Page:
Updated: Jun 24
I've been in many conversations lately with colleagues, family, friends and neighbors about the current state of racism and awareness. Honestly I'm glad we are having these conversations and looking for answers to how to heal our intergenerational and historical trauma. intergenerational trauma acknowledges that exposure to extremely adverse events impacts individuals to such a great extent that their offspring find themselves grappling with their parents' post‐traumatic state, most of the time unknowingly. Intergenerational trauma can also leave a chemical mark on a person's genes, which then is passed down to subsequent generations and can alter the mechanism by which the gene is converted into functioning proteins, or expressed. An example could be a family were members develop depression or cancer. I remember "the talk" when I got my drivers license and how even today I get an uneasiness of blue lights in the rear view mirror. I don't know if the response is genetic, but what I do know is that many others have expressed the same feelings.
Historical trauma is an event, or a set of events, that happen to a group of people who share a specific identity. That identity could be based in nationality, tribal affiliation, ethnicity, race and/or religious affiliation. The events are often done with genocidal or ethnocidal intent, and result in annihilation or disruption of traditional ways of life, culture and/or identity. Each individual event is profoundly traumatic and when you look at events as a whole, they represent a history of sustained cultural disruption and community destruction. Current historical examples that come to mind are China's one child policy, the Holocaust, and Slavery.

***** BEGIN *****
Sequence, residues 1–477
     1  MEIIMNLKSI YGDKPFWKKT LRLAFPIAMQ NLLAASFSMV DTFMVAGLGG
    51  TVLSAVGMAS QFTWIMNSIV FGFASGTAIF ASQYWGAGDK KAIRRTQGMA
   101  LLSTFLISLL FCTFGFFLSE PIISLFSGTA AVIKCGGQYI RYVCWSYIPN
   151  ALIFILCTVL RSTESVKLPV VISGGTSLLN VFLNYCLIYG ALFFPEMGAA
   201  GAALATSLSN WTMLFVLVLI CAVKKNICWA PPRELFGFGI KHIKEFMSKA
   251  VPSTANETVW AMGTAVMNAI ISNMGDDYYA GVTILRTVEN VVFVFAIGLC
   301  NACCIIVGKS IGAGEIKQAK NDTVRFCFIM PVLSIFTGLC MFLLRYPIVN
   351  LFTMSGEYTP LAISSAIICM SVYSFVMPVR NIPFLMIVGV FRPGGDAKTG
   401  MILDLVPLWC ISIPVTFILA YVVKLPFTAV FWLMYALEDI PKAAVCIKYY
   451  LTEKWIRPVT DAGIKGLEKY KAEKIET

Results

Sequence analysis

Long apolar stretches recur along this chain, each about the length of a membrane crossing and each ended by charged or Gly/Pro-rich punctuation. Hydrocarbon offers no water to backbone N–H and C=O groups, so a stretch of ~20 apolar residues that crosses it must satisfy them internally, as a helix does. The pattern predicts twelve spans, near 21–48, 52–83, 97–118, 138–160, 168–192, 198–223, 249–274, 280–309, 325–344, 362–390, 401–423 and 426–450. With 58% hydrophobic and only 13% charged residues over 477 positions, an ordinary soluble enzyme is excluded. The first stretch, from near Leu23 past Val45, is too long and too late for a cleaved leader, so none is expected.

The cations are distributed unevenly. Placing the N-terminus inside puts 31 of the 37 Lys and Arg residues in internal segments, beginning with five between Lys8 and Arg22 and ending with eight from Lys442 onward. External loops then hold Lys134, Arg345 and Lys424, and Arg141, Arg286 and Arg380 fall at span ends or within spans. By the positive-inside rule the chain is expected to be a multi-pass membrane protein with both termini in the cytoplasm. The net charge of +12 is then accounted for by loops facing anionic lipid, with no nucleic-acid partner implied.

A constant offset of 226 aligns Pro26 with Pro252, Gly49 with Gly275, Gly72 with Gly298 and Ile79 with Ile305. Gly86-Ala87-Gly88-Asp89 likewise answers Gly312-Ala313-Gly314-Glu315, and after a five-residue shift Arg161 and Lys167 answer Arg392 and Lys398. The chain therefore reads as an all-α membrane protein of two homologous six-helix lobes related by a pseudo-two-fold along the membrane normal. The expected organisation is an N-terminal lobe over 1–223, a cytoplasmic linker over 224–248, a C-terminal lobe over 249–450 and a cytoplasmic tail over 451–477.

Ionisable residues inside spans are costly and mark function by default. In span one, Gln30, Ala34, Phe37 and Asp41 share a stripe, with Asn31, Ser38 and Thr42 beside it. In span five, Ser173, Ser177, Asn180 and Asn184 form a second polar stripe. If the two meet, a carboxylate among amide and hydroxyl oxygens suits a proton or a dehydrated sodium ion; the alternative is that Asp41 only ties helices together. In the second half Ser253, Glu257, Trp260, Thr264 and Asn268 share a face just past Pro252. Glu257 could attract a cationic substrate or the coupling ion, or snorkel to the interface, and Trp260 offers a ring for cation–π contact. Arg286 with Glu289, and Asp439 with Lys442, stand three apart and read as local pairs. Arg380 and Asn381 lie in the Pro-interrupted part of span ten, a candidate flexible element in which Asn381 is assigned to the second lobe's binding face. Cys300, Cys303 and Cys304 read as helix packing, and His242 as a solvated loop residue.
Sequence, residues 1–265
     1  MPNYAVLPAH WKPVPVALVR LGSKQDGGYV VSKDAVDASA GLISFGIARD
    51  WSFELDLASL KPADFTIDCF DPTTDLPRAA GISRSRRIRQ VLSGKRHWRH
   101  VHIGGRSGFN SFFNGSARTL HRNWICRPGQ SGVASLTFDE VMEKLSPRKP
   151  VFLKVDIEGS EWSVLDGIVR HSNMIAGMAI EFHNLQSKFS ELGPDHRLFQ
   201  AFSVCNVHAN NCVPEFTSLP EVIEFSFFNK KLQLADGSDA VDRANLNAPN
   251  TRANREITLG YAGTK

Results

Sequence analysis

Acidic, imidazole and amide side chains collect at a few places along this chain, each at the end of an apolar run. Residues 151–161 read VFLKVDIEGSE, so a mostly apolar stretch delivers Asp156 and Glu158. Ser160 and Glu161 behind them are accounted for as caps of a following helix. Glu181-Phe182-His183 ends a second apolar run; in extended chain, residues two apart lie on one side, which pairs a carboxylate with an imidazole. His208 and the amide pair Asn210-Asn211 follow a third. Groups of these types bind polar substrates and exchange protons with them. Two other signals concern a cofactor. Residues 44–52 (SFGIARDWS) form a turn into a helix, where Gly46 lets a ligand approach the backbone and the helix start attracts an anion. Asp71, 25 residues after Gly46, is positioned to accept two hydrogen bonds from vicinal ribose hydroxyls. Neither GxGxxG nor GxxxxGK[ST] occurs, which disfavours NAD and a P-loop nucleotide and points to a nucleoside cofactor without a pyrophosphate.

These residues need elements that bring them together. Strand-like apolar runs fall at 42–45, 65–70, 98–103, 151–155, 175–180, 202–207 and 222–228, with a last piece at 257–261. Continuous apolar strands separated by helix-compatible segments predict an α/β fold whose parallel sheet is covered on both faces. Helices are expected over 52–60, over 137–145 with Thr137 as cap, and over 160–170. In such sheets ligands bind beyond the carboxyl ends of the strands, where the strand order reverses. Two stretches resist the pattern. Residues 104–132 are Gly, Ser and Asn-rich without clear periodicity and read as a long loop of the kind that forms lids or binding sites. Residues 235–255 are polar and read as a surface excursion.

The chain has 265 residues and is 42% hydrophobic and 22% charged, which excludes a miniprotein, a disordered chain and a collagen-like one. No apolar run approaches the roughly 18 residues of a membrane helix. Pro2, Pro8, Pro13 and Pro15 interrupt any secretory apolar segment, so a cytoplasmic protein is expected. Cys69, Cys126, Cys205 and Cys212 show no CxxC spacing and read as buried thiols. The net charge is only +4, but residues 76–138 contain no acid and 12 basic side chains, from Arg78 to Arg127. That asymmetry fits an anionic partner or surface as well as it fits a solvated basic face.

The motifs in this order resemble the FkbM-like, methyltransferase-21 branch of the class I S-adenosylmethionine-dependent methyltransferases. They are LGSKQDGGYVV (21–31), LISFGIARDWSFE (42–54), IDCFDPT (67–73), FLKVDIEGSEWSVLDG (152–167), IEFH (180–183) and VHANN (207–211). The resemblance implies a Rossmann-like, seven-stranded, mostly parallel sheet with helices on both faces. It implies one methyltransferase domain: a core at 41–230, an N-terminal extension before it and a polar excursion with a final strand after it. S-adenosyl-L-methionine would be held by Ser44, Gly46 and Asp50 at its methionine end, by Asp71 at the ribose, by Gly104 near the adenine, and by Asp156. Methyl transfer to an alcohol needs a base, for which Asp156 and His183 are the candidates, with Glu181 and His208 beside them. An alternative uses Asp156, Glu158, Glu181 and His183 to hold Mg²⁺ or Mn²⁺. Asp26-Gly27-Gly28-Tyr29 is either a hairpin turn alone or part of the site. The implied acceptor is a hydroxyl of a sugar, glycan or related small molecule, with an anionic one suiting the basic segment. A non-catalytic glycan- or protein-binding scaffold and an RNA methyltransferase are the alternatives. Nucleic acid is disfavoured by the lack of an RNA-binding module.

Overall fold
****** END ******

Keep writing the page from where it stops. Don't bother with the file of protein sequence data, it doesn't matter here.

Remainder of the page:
So, now that you have a better understanding of how trauma can affect an individual, group of people or the world. It's a little easier to see how our historical trauma is playing out today in the re-examination of racism. All sides are afflicted with this trauma and no one gets a pass until we address our collective pain and restore our humanity. The questions is are we ready?
Are we ready to express our vulnerability to share our stories?
Are we ready for a different point of view and open to feedback?
Are we ready to go beyond the stereotypes and spin?
Are we ready to honor our emotions and understand our fears?
Are we ready to see a different outcome that births a new story of our future?
Are we ready for goodness, equality, harmony, love, and peace?
Are we ready to confront our conditioning, and destructive patterns to heal our trauma and give up a story about ourselves that no longer serves us?
These questions apply to many life situations that we face. Telling yourself the truth, being open to changing your perceptions, and overcoming your fears are the steps we will need to take to envision a new story. Those of us who want to heal will eventually get the opportunity to change our narrative. I'm optimistic that much good will come from our collective desire to birth something new.
Jordan Rakei's Signs